For many years, Lewis’ father operated a feed mill in town. Many times while the other volunteer firefighters were at work, a daytime fire call would come in.
“There would be a lot of times we would get a fire call in the middle of the day, and I would be at the mill with Daddy. We would have to close the mill and go to the fire station to get the truck,” Lewis said. “And, me and Daddy would run the fire call.”
Once when Lewis was seven or eight years old, he and his father responded to a call for a house fire. When they arrived, father and son realized they were the only two firefighters on the scene.
“Daddy got there, set the truck up and he curled the hose up in the front yard,” Lewis said. “I was spreading water from the outside of the house, and he went inside the house. It was one of those things you were thrown into back then.”
From fighting fires to fundraisers, everyone played a role in the success of the fire department.
“We had our fundraisers and all the young’uns were out there helping to clean and cook chickens and do whatever we could do to raise money for the fire department so they could buy new turnout gear, new fire truck, whatever we needed to do,” Lewis said. “It was always a family affair.”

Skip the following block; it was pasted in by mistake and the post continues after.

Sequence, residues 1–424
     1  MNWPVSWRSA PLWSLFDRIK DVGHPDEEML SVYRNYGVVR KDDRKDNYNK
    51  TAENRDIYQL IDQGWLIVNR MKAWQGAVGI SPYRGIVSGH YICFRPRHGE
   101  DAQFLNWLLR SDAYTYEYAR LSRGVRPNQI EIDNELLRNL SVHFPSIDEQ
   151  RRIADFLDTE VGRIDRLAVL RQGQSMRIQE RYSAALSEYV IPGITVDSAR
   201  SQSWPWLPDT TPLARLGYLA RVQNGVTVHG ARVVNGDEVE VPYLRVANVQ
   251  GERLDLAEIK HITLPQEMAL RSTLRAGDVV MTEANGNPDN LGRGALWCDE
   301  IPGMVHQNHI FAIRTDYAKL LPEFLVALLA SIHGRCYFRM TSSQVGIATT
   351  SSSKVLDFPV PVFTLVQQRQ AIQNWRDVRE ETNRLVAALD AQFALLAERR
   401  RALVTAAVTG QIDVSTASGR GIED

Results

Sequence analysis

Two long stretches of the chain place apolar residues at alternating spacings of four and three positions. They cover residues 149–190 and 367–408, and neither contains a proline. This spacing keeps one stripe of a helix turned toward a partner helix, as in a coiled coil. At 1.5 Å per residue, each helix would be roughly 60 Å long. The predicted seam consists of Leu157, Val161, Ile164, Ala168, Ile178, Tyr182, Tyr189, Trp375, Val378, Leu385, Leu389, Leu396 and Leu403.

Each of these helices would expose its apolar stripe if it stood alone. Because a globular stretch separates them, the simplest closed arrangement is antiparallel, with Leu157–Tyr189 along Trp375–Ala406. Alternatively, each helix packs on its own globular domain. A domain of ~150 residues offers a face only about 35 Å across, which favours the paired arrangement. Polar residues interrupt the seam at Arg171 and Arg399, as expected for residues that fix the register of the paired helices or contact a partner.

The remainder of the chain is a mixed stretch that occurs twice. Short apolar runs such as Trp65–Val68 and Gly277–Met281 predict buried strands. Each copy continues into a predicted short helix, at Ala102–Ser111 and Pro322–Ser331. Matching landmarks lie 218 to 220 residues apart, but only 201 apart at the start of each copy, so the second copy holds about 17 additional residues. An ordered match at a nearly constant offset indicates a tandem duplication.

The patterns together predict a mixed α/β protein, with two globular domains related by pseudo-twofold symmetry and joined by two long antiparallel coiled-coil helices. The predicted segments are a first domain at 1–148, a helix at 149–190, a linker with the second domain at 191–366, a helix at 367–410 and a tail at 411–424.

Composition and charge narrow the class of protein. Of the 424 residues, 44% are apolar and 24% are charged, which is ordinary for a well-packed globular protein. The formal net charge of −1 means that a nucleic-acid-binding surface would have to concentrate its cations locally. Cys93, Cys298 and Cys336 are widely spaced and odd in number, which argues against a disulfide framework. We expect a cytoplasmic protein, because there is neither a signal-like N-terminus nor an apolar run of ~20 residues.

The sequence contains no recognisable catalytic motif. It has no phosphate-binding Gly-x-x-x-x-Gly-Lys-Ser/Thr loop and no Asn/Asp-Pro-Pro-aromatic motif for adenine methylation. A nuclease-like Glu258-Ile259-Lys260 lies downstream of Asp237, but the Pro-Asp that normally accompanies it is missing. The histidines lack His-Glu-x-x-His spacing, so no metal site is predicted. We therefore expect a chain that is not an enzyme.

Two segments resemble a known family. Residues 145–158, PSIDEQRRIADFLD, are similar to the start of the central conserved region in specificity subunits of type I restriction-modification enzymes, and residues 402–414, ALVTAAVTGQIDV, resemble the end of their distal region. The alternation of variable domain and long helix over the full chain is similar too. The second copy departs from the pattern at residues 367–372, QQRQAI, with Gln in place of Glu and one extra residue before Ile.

Call to Serve
The call to serve only grew stronger as Lewis reached his teens. And, when he turned 16 – the minimum age to join the fire department – Lewis turned to his mother and said it was his time to serve.
“I was still in high school, and I just decided it was time for me to give back,” Lewis said. “I joined the fire department, and I have been on a fire department continuously for the last 22 years.”
During his time as a volunteer firefighter, Lewis has participated in just about every type of emergency.
“If you can imagine it, I’ve been tied up in it,” he said. “I’ve been tied up in chemical spills, manufacturing plant explosions, house fires, brush fires, wrecks. You name it.”
Lewis’ wealth of experience has allowed him to branch into teaching others as a North Carolina Level 2 Fire and Rescue Instructor. The teacher is also a student. He averages 150 hours a year in training to remain current in his firefighting role.
Yet, he has been able to balance his duties as a mobile technician with his work as a volunteer firefighter.
Marvin Lassiter, a fleet maintenance supervisor in Garner, North Carolina, and Lewis’ supervisor, said it came as no surprise to him that Lewis has served as a volunteer firefighter.
“He is always willing to help. He’s pretty selfless in his decisions to assist other people,” Lassiter said. “He is definitely someone who helps other people out of instinct. It is not something he has to think about.”
For Lewis, the memories of the families he has helped have been the reasons he has served – and will continue to serve for years to come – as a volunteer firefighter.
“When you do something good for somebody, and you see folks at their lowest point and they genuinely thank you from the bottom of their heart, you can’t ask for anything more,” Lewis said.
By Bernie Mixon